Over the last few years, I have had this new fascination for South America. My first visit to the continent was back in 2010 to Buenos Aires, and the desire to return has only heightened since.
A little over a month ago a friend of mine saw this amazing fare to Santiago that was under $1,000, and asked me whether I wanted to go. I wasn’t so sure so I took a few days to think about it, and the fare was gone. About a week later, an even better fare became available, and at that point I was ready. It was going to be a weekend trip, and next thing you know we’re off.
Day 1. We took the redeye down to Santiago, and landed with a view of the sunrise over the Andes. It was something we’ve read in textbooks, but seeing the mountain range just below you was breathtaking. After landing we quickly passed through immigration and customs, and got into a van with a company called Transvip for 23,000 CLP (about US$38), and we were at our hotel in 20 minutes.
While waiting for our hotel room to be ready, we were invited to have breakfast at the restaurant, and had an awesome view of the city, which included the Gran Torre Santiago, the tallest building in Latin America, along with the Andes as the backdrop. As Chile is a long and narrow country, the mountain range is only a little over an hour from the city to the east, as is the Pacific Ocean to the west.
After freshening up a bit, we were off to the city center via metro. The metro system is efficient and clean. We walked along the Ahumada pedestrian street to the Plaza de Armas, the main central square of the city, featuring the Cathedral as well as museums and more.
Upon walking further we ended up at the Mercado Central (central market), which is a cast-iron building that houses seafood stalls and restaurants. We ended up at a restaurant called El Galeón, which was recommended by the hotel concierge. The food was good but a bit pricey, with exception to the erizos (sea urchin, or uni). It was basically $15 for a plate-full…
Now that we are stuffed with food, we decided to walk to the foot of San Cristóbal Hill via the Parque Forestal and the Museo Nacional de Bellas Artes, or the National Fine Arts Museum. It was basically autumn, and we were able to enjoy some of the foliage along the way.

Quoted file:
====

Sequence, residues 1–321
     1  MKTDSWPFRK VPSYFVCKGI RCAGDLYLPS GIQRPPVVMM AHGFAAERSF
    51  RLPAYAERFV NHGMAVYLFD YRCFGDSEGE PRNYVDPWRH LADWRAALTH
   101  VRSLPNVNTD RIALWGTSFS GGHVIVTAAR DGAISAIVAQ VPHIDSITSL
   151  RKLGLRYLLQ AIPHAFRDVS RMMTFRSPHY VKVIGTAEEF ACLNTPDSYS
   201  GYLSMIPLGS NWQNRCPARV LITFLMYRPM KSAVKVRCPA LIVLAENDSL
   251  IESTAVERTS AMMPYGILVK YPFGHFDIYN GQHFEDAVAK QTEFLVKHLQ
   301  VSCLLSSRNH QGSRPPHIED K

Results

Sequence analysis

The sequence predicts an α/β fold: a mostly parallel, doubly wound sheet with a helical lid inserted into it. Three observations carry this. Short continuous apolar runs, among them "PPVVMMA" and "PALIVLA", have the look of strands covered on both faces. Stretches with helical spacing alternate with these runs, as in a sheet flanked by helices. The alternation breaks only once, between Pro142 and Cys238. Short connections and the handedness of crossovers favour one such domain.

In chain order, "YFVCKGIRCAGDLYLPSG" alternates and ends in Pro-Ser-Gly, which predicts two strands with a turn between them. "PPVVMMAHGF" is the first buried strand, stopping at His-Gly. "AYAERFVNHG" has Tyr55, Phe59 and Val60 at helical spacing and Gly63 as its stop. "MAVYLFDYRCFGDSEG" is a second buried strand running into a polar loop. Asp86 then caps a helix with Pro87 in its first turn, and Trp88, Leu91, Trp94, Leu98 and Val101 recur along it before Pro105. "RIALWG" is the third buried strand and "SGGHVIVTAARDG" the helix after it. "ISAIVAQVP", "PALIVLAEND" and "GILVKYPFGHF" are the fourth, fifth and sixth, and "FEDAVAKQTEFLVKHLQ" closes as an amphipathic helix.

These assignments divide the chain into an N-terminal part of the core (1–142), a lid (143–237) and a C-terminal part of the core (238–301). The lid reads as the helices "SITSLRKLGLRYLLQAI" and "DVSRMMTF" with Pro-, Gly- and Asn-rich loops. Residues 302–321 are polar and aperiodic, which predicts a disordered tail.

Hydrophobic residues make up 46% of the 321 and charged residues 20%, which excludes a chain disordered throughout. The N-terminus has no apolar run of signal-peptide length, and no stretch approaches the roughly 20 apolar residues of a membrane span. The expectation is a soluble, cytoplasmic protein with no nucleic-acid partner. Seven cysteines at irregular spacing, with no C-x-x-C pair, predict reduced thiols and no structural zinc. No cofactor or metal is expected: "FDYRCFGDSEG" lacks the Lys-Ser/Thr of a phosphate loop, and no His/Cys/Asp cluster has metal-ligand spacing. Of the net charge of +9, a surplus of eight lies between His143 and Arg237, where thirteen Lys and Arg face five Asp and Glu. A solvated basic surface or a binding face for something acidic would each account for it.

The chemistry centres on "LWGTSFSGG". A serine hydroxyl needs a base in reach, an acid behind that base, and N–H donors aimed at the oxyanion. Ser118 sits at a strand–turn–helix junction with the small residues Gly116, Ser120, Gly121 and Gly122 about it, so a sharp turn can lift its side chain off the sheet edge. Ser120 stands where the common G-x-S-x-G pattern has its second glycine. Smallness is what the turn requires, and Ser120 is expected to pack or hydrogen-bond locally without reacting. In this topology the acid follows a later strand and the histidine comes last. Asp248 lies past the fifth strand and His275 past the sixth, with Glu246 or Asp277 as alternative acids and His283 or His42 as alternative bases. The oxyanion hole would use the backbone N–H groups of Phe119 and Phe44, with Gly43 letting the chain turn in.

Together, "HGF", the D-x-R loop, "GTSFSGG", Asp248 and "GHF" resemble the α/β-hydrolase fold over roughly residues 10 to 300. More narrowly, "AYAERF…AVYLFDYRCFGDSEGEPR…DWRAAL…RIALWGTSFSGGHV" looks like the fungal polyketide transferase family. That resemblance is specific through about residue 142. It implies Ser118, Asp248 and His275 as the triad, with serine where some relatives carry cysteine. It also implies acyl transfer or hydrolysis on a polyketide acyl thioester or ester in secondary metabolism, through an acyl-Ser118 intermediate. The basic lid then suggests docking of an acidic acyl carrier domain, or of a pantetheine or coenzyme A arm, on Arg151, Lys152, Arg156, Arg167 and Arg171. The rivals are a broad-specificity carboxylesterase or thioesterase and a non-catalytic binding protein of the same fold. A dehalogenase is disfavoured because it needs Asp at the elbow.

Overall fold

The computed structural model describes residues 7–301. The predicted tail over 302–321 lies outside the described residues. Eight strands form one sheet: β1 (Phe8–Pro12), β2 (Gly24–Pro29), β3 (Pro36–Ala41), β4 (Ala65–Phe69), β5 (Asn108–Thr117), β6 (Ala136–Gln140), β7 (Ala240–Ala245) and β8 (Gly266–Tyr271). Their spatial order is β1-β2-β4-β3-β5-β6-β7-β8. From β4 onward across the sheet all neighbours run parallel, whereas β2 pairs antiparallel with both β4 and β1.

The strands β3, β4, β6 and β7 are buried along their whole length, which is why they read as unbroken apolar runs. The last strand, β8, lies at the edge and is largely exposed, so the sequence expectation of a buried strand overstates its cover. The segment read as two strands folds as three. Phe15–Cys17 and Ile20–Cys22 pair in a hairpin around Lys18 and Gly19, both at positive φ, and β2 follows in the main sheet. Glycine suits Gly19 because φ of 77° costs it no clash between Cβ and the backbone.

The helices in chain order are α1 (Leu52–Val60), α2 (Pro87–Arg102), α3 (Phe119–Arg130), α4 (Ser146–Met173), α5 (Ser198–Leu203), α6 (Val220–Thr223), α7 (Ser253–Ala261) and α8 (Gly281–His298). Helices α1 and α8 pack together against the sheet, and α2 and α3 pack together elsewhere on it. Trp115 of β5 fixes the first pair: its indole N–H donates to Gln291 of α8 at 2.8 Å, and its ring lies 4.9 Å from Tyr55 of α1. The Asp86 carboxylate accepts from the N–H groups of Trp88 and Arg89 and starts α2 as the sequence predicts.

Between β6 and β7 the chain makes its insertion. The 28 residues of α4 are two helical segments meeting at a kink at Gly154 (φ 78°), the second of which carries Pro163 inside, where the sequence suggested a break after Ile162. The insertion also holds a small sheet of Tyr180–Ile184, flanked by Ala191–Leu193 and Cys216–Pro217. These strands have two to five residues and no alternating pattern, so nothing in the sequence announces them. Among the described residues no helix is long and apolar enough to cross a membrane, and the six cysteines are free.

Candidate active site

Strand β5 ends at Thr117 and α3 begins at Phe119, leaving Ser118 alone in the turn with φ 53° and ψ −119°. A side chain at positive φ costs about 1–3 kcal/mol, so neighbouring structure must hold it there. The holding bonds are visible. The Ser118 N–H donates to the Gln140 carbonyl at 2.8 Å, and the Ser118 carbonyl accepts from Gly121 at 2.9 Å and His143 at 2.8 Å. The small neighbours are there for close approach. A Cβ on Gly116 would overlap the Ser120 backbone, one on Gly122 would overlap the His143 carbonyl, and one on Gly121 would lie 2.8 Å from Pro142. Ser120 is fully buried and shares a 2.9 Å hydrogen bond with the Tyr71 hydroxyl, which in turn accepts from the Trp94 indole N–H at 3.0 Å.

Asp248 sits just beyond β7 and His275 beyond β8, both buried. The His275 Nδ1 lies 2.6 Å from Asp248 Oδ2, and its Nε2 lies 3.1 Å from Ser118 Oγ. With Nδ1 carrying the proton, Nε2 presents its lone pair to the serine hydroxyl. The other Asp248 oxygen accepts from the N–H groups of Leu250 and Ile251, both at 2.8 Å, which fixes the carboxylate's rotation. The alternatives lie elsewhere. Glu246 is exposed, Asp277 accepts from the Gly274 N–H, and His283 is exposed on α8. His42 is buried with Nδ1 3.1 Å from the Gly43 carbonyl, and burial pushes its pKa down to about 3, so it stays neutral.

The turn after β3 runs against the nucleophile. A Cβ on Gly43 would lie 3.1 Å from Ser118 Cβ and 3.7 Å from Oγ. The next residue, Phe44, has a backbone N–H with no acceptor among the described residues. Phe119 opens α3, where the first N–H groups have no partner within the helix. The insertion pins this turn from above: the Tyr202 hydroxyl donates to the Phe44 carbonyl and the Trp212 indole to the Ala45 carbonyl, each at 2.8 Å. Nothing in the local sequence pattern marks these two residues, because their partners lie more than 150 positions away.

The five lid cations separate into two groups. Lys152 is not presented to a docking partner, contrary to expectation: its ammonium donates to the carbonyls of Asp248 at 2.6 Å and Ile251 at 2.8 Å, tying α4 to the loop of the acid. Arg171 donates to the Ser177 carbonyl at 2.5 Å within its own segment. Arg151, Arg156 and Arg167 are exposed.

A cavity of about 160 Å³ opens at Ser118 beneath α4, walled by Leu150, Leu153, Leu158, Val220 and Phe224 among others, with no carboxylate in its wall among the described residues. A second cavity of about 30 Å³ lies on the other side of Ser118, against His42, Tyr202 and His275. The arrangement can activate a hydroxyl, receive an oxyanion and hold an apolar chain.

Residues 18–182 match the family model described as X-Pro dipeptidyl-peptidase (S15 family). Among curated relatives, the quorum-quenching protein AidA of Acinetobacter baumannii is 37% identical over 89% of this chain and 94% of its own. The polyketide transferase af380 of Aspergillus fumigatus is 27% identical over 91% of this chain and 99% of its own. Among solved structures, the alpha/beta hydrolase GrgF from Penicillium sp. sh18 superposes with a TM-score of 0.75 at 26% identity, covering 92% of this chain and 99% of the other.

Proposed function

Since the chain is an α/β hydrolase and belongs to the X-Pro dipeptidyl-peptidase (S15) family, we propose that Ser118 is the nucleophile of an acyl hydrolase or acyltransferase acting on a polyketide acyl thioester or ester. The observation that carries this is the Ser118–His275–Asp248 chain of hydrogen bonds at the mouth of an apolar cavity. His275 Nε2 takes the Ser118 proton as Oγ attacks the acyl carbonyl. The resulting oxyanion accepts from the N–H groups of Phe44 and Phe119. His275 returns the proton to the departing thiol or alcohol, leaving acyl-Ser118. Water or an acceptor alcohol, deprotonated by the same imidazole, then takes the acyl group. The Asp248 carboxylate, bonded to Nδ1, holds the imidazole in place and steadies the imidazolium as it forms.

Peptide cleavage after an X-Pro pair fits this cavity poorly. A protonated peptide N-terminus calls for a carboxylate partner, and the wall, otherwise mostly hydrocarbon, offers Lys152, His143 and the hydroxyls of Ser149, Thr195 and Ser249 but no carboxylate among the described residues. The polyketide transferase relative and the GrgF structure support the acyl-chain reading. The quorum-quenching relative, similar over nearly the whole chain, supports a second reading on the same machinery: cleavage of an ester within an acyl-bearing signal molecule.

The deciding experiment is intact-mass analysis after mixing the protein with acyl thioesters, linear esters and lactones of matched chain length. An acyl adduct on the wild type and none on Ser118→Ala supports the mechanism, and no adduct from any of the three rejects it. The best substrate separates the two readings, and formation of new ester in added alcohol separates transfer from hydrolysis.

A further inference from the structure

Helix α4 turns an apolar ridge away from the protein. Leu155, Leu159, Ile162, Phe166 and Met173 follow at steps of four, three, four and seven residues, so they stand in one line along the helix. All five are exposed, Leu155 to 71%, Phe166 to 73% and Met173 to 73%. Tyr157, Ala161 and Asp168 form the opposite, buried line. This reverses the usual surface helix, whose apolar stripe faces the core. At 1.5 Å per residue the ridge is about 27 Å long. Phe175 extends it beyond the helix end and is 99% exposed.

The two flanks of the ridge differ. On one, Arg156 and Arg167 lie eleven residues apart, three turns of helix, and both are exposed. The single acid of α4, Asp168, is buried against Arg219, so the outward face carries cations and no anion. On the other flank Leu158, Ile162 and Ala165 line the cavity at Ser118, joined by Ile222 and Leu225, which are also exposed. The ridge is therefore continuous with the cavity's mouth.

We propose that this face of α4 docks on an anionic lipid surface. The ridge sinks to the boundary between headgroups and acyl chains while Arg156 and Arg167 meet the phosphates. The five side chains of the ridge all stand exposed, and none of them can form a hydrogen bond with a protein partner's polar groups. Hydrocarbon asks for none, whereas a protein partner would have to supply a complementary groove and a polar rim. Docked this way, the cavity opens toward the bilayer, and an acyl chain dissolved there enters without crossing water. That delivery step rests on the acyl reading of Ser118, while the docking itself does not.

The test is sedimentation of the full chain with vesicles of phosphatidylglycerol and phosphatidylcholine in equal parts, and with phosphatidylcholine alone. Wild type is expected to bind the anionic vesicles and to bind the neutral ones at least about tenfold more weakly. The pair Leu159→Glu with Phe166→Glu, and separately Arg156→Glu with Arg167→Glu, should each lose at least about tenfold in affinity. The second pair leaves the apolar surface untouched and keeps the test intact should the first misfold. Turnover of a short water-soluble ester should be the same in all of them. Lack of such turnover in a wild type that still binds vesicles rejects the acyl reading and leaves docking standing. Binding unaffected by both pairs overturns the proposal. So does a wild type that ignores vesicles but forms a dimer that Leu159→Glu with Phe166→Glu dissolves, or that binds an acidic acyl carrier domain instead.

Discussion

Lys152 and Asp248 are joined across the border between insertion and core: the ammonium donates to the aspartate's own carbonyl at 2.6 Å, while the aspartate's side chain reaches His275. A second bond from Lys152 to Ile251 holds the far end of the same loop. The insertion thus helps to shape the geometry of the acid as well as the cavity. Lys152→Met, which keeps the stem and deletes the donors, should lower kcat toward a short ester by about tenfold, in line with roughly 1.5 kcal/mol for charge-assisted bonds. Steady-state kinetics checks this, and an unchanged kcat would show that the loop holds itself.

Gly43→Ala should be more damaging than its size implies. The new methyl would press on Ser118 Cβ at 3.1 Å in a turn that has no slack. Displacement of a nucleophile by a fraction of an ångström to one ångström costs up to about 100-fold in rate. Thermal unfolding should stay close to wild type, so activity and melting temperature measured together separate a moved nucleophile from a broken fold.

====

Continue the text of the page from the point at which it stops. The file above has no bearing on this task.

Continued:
As we were approaching San Cristóbal Hill, we passed by the district of Bellavista, which is the bohemian part of town known for its colorful buildings and trendy restaurants and cafes. Pablo Neruda, Chile’s most famous poet (and Nobel Literature Prize winner), also lived here.
The last portion of the walk along Pio Nono toward the foot of the hill wasn’t all that exciting. There were bars and restaurants that were just a bit too much for me. Upon finally reaching the foot of the hill, we purchased tickets for the funicular up for a view of the city, and the Virgin Mary statue at the top of the hill.
Day 2. We checked out of the hotel in the morning and headed out for brunch in Las Condes at a place called Coquinaria, inside the W Hotel. The Chilean sandwich was a very simple serving but good. I just couldn’t figure out what the sweet gelatin thing was.
Now that we’re stuffed (again) with food, we were off to the Concha y Toro winery out in the Maipo Valley, famous for its cabernet sauvignon. It was an easy metro ride to the very last station of Line 4 – Plaza de Puente Alto.
After arriving, I remembered reading not to take just any taxi – but the ones that looked a certain way… or so I had thought. In any case, in less than 10 minutes we arrived at the winery. We had booked our tours in advance, so we paid for our tours when we arrived (10,000 CLP, or US$16), and off we went!
We had a wonderful tour guide Barbara, who spent time explaining how it all works, from irrigation to climate and more. We were also invited to taste some of the grapes, which was awesome. After the one-hour tour, we ended up having a late lunch at the winery.
Now that we are stuffed (yet again), it was time to get back to the city and then the airport. After arriving at the taxi stand just around the corner from the winery, we realized it was closed due to the holiday weekend. We proceeded to walk across the road to the bus stop, trying to figure out which bus to take back to the metro station. Thank goodness there was a woman who spoke some English (and along with our extremely broken Spanish), and she took us on our first bumpy Chilean bus ride, with Elvis blaring in the background.
She literally took us by the hand to the metro station. We had to give her a hug to say thank you.
As with all great things, it must come to an end. It was time to go home. We will be back soon Santiago – and the rest of Chile. This place is full of wonderful people and we were fortunate to meet quite a few of them.